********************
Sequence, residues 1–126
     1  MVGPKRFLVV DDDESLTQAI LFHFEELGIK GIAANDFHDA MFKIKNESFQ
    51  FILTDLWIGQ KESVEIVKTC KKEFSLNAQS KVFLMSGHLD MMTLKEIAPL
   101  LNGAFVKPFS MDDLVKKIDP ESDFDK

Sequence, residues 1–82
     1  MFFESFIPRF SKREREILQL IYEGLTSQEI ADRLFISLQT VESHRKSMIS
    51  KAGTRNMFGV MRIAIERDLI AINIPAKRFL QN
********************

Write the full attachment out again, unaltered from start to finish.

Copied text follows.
Sequence, residues 1–126
     1  MVGPKRFLVV DDDESLTQAI LFHFEELGIK GIAANDFHDA MFKIKNESFQ
    51  FILTDLWIGQ KESVEIVKTC KKEFSLNAQS KVFLMSGHLD MMTLKEIAPL
   101  LNGAFVKPFS MDDLVKKIDP ESDFDK

Sequence, residues 1–82
     1  MFFESFIPRF SKREREILQL IYEGLTSQEI ADRLFISLQT VESHRKSMIS
    51  KAGTRNMFGV MRIAIERDLI AINIPAKRFL QN